Evaluating a SQL Server environment

This is a topic with more than one meaning, so I will narrow the focus to the aspect of just looking at an existing SQL Server environment for the first time. If you are experiencing performance issues with an existing environment, I recommend you start with the Microsoft (MS) SQL Server performance monitor to concentrate your effort instead of looking at the overall SQL Server. This is especially true if there are only a few problematic processes.

It is good to start asking basic questions for better understanding of the environment to evaluate. A short checklist of the items to inquire about before proceeding includes:

  • Is this a 24×7 environment?
  • What are the peak times of usage and critical availability?
  • Are there any current performance concerns?
  • What is the current backup configuration?
  • When was the last time a recovery was performed? Practice recovery? Cloning using backups?

This information can help you determine the best approach for your evaluation like the best times to execute any of the more resource-intensive examinations. There are many tools to choose from when evaluating a SQL Server environment. Some of these are MS native tools and some are third-party. As a precaution, verify the presence of a recent backup or even execute a one-off full backup before evaluation.

The most recognized MS built-in tool for evaluation is DBCC CHECKDB which is included with every SQL Server version. DBCC CHECKDB is a Transact SQL based utility that checks the logical and physical integrity of all the objects in the specified database. This process also calls other DBCC programs and performs these steps while executing:

  • Runs DBCC CHECKALLOC on the database to check the consistency of disk space allocation structures.
  • Runs DBCC CHECKTABLE on every table and view in the database to check the integrity of all the pages and structures that make table or indexed views.
  • Runs DBCC CHECKCATALOG on the database to check for catalog consistency within the database.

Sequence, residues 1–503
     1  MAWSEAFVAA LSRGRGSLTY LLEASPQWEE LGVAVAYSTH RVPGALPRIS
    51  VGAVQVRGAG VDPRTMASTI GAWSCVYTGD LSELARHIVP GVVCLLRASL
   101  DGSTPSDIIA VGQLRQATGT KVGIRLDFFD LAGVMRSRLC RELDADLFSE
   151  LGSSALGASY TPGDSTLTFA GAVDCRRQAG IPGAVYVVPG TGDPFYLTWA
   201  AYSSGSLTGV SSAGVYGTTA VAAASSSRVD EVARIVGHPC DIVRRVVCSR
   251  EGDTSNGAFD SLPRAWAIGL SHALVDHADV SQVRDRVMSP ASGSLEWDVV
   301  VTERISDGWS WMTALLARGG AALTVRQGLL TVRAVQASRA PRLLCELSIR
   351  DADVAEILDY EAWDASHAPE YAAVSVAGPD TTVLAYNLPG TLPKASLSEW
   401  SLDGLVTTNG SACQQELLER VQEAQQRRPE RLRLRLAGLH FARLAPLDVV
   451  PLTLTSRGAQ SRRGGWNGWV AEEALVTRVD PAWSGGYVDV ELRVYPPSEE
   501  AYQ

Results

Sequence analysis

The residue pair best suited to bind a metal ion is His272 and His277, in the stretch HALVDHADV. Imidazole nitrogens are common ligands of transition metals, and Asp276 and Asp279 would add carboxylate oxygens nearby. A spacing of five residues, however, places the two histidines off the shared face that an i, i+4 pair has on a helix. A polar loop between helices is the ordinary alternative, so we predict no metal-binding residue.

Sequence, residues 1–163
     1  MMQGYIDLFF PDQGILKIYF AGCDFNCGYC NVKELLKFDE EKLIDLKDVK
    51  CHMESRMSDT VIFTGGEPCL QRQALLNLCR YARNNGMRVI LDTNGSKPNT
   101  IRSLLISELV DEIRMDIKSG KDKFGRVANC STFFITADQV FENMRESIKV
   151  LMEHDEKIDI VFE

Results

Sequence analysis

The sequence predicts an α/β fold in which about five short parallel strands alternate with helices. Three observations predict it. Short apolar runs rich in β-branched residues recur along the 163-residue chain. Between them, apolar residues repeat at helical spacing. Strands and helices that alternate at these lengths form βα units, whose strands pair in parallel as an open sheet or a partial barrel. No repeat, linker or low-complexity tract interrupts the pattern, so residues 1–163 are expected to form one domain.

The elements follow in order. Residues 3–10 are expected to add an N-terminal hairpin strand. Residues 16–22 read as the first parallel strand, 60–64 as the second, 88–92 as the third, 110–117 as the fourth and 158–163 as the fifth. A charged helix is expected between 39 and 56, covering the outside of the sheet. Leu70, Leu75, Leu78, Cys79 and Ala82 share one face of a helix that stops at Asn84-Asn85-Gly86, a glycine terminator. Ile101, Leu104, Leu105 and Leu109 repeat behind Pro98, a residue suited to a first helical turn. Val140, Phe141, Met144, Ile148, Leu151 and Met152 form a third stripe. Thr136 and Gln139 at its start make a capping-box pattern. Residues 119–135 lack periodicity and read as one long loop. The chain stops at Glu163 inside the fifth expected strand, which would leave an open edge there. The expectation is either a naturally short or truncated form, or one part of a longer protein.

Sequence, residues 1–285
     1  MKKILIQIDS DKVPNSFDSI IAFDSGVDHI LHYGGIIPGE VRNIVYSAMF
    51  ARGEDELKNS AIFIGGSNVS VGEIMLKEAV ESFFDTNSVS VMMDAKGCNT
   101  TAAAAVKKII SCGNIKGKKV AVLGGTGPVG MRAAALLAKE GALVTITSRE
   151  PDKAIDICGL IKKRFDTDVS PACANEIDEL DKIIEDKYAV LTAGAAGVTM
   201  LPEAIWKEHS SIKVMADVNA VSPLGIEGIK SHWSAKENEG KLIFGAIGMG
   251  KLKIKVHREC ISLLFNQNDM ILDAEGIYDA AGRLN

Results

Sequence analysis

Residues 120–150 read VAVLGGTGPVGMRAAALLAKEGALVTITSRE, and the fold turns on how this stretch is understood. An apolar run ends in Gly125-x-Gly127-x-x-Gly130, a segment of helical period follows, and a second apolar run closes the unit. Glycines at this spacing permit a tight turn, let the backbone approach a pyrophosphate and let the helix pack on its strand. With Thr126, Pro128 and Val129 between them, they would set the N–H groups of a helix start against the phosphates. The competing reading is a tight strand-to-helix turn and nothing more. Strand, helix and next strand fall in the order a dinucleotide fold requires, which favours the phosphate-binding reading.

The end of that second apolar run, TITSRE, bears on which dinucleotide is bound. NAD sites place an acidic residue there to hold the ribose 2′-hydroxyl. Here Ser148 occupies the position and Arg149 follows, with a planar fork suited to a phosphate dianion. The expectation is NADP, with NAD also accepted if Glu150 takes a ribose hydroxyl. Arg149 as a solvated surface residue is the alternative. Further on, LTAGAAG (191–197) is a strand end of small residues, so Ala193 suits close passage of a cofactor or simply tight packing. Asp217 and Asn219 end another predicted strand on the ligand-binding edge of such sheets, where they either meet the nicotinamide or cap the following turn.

• Validates the contents of every indexed view in the database.
  • Validates link-level consistency between table metadata and file system directories and files when storing varbinary(max) data in the file system using FILESTREAM.
  • Validates the Service Broker data in the database.

The DBCC CHECKDB utility includes options to repair issues it finds, but I do not recommend the use of these options until any existing issues have been identified and understood. All of these checks and validations can take a long time to execute against a sizeable database, so there are options to exclude one or more of the above steps for time and resource considerations. MS SQL Server versions 2014 through 2017 even offer the ability to execute this utility with a parallel degree. Consult the MS DBCC CHECKDB documentation for the version you are evaluating for more specific information.

Basic execution (from a SQL Server Management Studio prompt):

use <db_name>

go

dbcc checkdb

go

 

Note – For larger database executions, use the “Results To” option under the Query menu item in SQL Server Management Studio to spool the results for later review.

Brent Ozar, a well-regarded SQL Server expert, created a tool called the First Responder Kit, or sp_Blitz for short.   It is available for free from https://www.brentozar.com/first-aid/ and provides a list of its findings prioritized for immediate action or informational purposes. The lower the number a finding is given, the higher the priority. This tool installs required stored procedures and an output table in the database. However, it is free and you can use parameters at execution to avoid checking certain objects or ignore findings over a certain priority level.

Basic execution (from a SQL Server Management Studio prompt):

After downloading the First Responder’s Kit compressed archive and placing it in an accessible location, execute the sp_blitz.sql file to install the database objects. Then, from a SQL Server command prompt, execute:

sp_blitz

go

Note – By default, this script examines ALL databases present on the current SQL Server and groups the findings by order of priority, sorting by database name.

My own SQL Server Health Check script (https://wordpress.com/post/dbajonblog.wordpress.com/178), which is also free, may not have the maturity of some other tools, but it does not require any objects to be installed and provides a good overall picture of a database environment. It is a single script that can be executed the same as a standard SQL script.

 

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Backups triggered automatically

Database availability is the number one goal of the database administrator.  Backup and recovery should be the second goal.  An internet search on establishing database backup and recovery processes will produce many examples.  I won’t go into my personal preferences, just emphasize the points I think are important:

  • Backup and recovery processes MUST be documented for reference by personnel responsible for maintenance and execution. I find that the lack of backup and recovery documentation is fairly common out in the world. No DBA likes to try to do an undocumented recovery at 3AM.
  • Backups processes that do not include a check for successful completion are INVALID. If the backup has been completing with an error for a month then guess what, you last valid backup was a month ago and if you had to do a recovery today, you just lost a month’s worth of data.
  • Recovery processes that have not been tested by performing a practice recovery or a clone are INVALID. You may have a proven backup method, but it has not been proven until you do a recovery in your own environment.